Vision Yachts, a boatbuilder based in Knysna, South Africa, has opened an office in the United States. Located in Edgewater, near Annapolis in Maryland, the new location has been opened on the back of solid growth and continued international interest, the company says.

The Knysna-based firm produces the Vision 450, a fibre glass sailing catamaran and a range of powerboats (Fusion 15 and Fusion 17) and it has been buoyed by home-grown advances in fibreglass lamination technology. The boatbuilder is aiming to increase annual production to around 100 powerboats and several yachts ranging 45ft and 60ft.

“We’ve recently opened an office in Edgewater, near Annapolis, in the US, so that we can provide guarantee support for our overseas customers,” says Vision Yachts director Brent Watts. “We’ve also just dispatched our first Fusion to Mexico and our South African orders are looking strong well into the future,” he adds.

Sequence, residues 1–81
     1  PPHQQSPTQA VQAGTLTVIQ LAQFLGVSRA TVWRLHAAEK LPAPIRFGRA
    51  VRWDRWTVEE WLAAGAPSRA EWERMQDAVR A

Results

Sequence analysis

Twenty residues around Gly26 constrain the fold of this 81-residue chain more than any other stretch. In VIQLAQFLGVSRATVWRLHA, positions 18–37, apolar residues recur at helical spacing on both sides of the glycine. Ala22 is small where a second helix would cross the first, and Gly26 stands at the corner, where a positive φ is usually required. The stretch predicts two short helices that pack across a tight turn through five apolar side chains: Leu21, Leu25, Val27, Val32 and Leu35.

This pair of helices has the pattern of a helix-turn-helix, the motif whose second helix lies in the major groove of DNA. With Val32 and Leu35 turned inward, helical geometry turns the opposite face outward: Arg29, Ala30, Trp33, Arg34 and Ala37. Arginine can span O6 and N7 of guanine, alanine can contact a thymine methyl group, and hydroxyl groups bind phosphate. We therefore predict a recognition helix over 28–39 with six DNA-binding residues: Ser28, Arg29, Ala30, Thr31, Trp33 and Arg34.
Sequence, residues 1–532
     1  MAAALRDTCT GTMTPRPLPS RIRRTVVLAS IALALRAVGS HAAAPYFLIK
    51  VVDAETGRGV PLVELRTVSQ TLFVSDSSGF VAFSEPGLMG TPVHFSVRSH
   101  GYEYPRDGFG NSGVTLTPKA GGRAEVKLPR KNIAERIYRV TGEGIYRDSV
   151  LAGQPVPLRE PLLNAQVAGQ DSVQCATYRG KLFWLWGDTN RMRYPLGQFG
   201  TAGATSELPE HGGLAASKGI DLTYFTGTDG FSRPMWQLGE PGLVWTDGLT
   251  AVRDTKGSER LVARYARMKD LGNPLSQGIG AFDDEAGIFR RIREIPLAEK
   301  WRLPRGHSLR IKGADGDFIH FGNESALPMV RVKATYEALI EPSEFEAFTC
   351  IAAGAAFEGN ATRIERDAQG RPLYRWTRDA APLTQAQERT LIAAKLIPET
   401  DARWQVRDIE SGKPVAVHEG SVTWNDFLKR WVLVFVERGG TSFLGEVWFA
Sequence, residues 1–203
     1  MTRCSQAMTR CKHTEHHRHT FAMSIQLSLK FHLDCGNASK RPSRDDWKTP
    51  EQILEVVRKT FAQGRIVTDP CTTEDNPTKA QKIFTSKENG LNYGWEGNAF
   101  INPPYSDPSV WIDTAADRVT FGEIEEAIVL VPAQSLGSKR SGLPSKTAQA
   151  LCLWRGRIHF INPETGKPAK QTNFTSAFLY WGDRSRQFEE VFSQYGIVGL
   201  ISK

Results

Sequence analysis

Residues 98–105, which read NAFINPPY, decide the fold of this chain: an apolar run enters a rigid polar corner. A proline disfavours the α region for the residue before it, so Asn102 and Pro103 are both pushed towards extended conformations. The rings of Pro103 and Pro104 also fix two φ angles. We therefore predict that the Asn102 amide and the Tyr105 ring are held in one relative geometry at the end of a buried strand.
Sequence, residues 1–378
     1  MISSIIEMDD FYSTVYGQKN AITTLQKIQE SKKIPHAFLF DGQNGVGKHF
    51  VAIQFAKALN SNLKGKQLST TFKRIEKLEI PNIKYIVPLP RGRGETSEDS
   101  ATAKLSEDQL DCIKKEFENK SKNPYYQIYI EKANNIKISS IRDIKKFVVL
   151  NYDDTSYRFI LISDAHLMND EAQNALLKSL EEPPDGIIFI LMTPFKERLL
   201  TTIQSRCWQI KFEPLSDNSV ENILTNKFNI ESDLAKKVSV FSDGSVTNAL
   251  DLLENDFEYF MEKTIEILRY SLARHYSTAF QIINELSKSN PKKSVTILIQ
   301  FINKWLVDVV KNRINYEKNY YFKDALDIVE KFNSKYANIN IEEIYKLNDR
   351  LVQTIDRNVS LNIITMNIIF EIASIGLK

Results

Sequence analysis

In addition, Vision co-director James Turner notes that local use of fibreglass lamination technology has advanced steadily over the last 15 or 20 years, but had suddenly sky-rocketed recently, partly due to demand for high-end products like wind turbine blades required in South Africa as the country diversifies its energy mix. Turner says much of this innovation is happening locally and that the team at Vision Yachts has adopted and adapted these improvements with dramatic results.

“It’s an incredibly efficient process that’s knocked nearly a ton off the weight of the finished hull as it uses 35% less resin. This saves us up to 50% on gel-coat alone,” he nots.

The process also allows for other advantages. “You end up with a mono-structure that takes us less than three weeks to build as opposed to two months or more with the old system. In addition, the mono-structure is far stronger than the conventional system, so we can now offer a five year guarantee on our hulls instead of the conventional two," Turner concludes.

Vision Yachts continues to build the Fusion range using hand lamination, but the new technology, called resin transfer moulding, is being introduced for the construction of some of the parts on its powerboats early in the New Year.